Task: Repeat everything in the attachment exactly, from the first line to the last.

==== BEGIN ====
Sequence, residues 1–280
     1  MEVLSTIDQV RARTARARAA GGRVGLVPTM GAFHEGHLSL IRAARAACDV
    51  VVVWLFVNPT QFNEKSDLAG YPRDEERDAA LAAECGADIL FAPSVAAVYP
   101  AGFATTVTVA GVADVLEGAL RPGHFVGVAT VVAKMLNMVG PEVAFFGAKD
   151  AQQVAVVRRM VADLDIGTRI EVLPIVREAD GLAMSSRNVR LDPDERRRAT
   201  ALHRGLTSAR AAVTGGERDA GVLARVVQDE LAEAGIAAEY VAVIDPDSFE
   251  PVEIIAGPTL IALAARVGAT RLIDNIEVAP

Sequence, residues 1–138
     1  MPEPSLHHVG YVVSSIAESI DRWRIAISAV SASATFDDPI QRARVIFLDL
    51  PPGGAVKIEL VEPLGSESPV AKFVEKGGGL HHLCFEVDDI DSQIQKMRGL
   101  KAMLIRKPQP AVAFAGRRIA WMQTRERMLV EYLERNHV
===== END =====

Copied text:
Sequence, residues 1–280
     1  MEVLSTIDQV RARTARARAA GGRVGLVPTM GAFHEGHLSL IRAARAACDV
    51  VVVWLFVNPT QFNEKSDLAG YPRDEERDAA LAAECGADIL FAPSVAAVYP
   101  AGFATTVTVA GVADVLEGAL RPGHFVGVAT VVAKMLNMVG PEVAFFGAKD
   151  AQQVAVVRRM VADLDIGTRI EVLPIVREAD GLAMSSRNVR LDPDERRRAT
   201  ALHRGLTSAR AAVTGGERDA GVLARVVQDE LAEAGIAAEY VAVIDPDSFE
   251  PVEIIAGPTL IALAARVGAT RLIDNIEVAP

Sequence, residues 1–138
     1  MPEPSLHHVG YVVSSIAESI DRWRIAISAV SASATFDDPI QRARVIFLDL
    51  PPGGAVKIEL VEPLGSESPV AKFVEKGGGL HHLCFEVDDI DSQIQKMRGL
   101  KAMLIRKPQP AVAFAGRRIA WMQTRERMLV EYLERNHV